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Depreciable Cost: What Does Depreciable Cost Mean?

The depreciable cost is the cost of an asset that can be depreciated over time. It is equal to acquisition cost of the asset, minus its estimated salvage value at the end of its useful life.

The cost of the asset includes the asset’s purchase price along with the cost incurred to put the asset into use such as repairs, upgrades, sales taxes, customs duties and on-site modifications.

What this article covers:

What Is Depreciation?

What Is Depreciable Value?

What Are Depreciation Costs?

NOTE: FreshBooks Support team members are not certified income tax or accounting professionals and cannot provide advice in these areas, outside of supporting questions about FreshBooks. If you need income tax advice please contact an accountant in your area.

What Is Depreciation?

In accounting, depreciation is a method of reducing the recorded cost of a fixed asset in a systematic manner until the value of the asset becomes zero or when it’s sold.

This is required under the matching principle of GAAP and is done to match the cost of the fixed asset over its productive life to the profits the business earns from the asset. This provides a complete picture of the revenue generation transaction.

The examples of depreciable assets include tangible assets such as equipment, machinery, building and furniture. Businesses depreciate assets for both tax and accounting purposes.

What Is Depreciable Value?

The depreciable value of the asset is the combined cost of purchase and installation of an asset that can be depreciated minus its salvage value. For example, an asset has a cost of $20,000. At the end of its useful life, you expect to sell it off for $3000.

The depreciable value of this asset is $17,000 ($20,000 – $3000)

To calculate the annual depreciation, you must divide the depreciable value by the useful life of the asset. For example, if the depreciable value of the asset is $17,000 and useful life is 10 years, then the assets recognize a cost of $1,700 every year for the next ten years.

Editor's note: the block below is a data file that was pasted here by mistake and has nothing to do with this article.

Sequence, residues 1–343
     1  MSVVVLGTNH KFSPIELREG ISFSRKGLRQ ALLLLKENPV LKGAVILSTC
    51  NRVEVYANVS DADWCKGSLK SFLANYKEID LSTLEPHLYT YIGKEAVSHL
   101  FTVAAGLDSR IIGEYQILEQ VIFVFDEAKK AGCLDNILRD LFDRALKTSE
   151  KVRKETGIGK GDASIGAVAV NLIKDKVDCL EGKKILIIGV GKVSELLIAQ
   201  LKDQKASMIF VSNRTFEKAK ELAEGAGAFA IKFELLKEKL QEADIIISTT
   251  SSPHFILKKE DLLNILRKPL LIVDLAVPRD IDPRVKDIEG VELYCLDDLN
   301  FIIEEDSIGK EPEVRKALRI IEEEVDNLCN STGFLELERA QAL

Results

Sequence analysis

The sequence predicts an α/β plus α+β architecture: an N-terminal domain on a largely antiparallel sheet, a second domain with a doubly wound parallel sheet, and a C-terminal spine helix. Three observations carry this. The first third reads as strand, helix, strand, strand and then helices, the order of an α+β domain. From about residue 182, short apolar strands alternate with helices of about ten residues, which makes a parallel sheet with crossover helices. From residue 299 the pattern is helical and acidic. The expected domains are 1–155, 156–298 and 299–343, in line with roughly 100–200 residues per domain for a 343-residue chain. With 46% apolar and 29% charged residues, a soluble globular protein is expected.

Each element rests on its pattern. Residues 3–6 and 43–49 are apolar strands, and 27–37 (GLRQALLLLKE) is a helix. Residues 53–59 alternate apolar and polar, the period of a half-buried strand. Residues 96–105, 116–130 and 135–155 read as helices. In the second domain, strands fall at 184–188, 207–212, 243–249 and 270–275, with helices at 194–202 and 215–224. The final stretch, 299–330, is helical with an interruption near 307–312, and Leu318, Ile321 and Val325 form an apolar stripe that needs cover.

There are three main inputs needed to calculate the depreciable costs. They include:

The cost of the asset: This includes the purchase price, taxes, shipping and the setup expenses of making the assets available for use.

Salvage value of asset: Once the useful life of the fixed asset is over, the business may sell it at a reduced price. This is known as the salvage value of the asset.

What Are Depreciation Costs?

Depreciation costs, also known as net book value, is the cost of an asset less accumulated depreciation.

Depreciation cost = Purchase price of an asset – Cumulative depreciation

Depreciation expense or depreciation costs is the amount of depreciation that is reported on the income statement. It’s allocated portion of the cost of the fixed assets of a business that is appropriate for the accounting period

The depreciation costs are noncash business expenses. This is because the recurring, monthly entry of these costs does not involve any cash transaction. Instead, the monthly depreciation value debited to the depreciation expense and credited to accumulated depreciation.

At the end of the year, the accumulated depreciation for the year is shown on the financial statements, along with the initial cost.

Calculating and recording the depreciable costs allows businesses to maintain their income statement and balance sheet properly with the right profits recorded.


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